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System Message Translations

This is a system message translation tool, for displaying any text that is hard-coded. System messages are coded in English, and in a default installation will simply be echoed back to the user.

If alternate languages are enabled by either changing the default system version to something other than ``English'', eg.

    default_version = Deutsch

or by viewing a page whose version is set to something other than English, then we we will try to find alternative (translated) system messages in the preferred language. If found, we return those instead; otherwise we return the English message (wrapped in ``NoTranslation'' CSS markup), and log the missing translation for the attention of translators.


To output a message in the preferred language, use:

    $msg{'English message'}

If the message contains data substitutions, it is best to use a template so that the message only needs to be translated once for all values of the data that might be substituted into it:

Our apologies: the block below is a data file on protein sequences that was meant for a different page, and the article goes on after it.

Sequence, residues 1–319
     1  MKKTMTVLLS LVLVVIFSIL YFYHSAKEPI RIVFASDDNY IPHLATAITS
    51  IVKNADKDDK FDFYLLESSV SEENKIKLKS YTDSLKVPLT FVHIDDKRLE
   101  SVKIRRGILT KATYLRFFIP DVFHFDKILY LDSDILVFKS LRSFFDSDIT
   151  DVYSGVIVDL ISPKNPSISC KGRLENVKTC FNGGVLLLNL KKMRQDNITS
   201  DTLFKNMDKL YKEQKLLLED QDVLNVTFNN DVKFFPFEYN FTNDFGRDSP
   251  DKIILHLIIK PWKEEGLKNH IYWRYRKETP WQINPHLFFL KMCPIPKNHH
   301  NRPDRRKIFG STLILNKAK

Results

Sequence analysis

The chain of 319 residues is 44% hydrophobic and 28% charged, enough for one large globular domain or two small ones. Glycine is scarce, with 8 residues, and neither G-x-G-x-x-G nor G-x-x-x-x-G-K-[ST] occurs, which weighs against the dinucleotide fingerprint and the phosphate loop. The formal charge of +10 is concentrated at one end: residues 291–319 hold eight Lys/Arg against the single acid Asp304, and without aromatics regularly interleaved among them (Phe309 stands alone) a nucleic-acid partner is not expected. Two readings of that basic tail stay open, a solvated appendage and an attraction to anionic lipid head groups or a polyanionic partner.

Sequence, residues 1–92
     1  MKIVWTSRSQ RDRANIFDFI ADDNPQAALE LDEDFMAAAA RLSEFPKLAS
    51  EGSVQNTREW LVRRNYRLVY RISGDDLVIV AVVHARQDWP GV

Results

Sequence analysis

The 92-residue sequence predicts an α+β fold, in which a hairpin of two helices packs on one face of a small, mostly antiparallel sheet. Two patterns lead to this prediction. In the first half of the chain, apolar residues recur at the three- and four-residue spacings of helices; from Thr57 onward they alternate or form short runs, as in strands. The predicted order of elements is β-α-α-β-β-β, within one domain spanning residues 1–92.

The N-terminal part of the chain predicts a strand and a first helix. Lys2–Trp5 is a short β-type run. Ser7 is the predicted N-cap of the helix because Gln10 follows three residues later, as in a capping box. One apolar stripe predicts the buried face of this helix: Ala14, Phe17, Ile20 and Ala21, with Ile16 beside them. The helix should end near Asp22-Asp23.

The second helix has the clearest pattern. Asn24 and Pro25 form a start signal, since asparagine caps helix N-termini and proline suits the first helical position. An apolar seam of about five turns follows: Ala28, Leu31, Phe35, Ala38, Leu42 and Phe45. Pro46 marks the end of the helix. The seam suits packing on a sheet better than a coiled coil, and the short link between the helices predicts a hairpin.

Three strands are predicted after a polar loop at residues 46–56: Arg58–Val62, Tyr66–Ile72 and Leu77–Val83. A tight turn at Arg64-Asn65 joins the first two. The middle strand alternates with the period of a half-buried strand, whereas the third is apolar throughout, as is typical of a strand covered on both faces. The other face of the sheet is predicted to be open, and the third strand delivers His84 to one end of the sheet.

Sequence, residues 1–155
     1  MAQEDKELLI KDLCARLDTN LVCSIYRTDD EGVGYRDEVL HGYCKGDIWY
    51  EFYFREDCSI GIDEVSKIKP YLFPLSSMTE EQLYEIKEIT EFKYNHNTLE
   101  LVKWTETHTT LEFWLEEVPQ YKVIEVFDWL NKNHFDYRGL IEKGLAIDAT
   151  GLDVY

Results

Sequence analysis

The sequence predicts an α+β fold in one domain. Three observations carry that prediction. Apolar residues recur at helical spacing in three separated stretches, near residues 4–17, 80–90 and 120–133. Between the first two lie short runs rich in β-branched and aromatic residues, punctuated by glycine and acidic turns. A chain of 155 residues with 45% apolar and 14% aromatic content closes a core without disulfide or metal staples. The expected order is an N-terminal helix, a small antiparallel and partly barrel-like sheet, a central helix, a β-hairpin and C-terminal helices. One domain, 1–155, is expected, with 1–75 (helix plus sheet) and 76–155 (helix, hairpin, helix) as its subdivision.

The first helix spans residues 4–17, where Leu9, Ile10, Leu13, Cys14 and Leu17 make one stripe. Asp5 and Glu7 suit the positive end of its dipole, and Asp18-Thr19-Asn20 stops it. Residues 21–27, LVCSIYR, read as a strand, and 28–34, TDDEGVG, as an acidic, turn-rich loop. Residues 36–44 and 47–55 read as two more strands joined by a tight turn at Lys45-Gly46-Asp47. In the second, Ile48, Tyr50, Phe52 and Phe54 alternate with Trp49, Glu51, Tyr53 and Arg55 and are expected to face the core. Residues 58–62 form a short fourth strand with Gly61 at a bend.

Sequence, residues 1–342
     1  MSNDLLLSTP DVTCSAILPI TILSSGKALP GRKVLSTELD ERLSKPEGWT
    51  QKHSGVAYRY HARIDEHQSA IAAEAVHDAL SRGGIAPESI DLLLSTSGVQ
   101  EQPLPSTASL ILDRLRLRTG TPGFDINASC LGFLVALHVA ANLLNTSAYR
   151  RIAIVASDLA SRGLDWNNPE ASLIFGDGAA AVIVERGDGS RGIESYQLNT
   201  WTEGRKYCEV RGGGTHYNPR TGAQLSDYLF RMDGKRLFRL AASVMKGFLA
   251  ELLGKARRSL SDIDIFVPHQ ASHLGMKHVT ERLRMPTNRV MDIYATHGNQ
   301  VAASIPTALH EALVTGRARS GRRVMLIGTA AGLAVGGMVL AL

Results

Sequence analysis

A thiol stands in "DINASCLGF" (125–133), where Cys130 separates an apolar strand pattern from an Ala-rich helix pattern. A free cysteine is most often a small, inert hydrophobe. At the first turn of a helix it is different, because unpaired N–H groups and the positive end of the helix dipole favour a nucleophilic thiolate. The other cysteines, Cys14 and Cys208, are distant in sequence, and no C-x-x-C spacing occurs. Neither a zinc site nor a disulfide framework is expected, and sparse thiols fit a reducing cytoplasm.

&substitute($msg{'Error on page [[page]]'},{page=>"index.html"})

In both cases, the message is simply echoed if the user prefers English or if no translation is found.

To output a message that is bilingual (English plus the alternate language, eg. ``English / Anglais''), use:

    (tied %msg)->bilingual('English message');

If no translation exists, the bilingual function returns only the original English message. If a translation exists the translated part is wrapped in ``Bilingual'' CSS markup.

Translation Management

Use the SysMsg plug-in to manage your message translations and build your multilingual dictionaries.

When translating templated message with substitution fields, do not translate the substitution markers. For example, the following message:

    'File not found: [[filename]]'

should leave the '[[filename]]' part the same in the translated message. However, it can be moved to different part of the message if the grammar rules of the alternate language require it.

Priming Translation Dictionaries

The simplest way to build a dictionary is to set the system to use the alternate language as the default, and/or to create some alternate language pages.

Then, exercise the system under the alternate language. The system will begin logging all messages it encounters that do not have translations. It may not find all such messages because many will correspond to obscure error conditions that are not reached in normal operations, but it should find all of the typical messages that the system makes use of.

Then, switch your default language back to English (simply by commenting out the default version setting in your config file). You can now visit the SysMsg tool to see all the messages that were logged as requiring translations.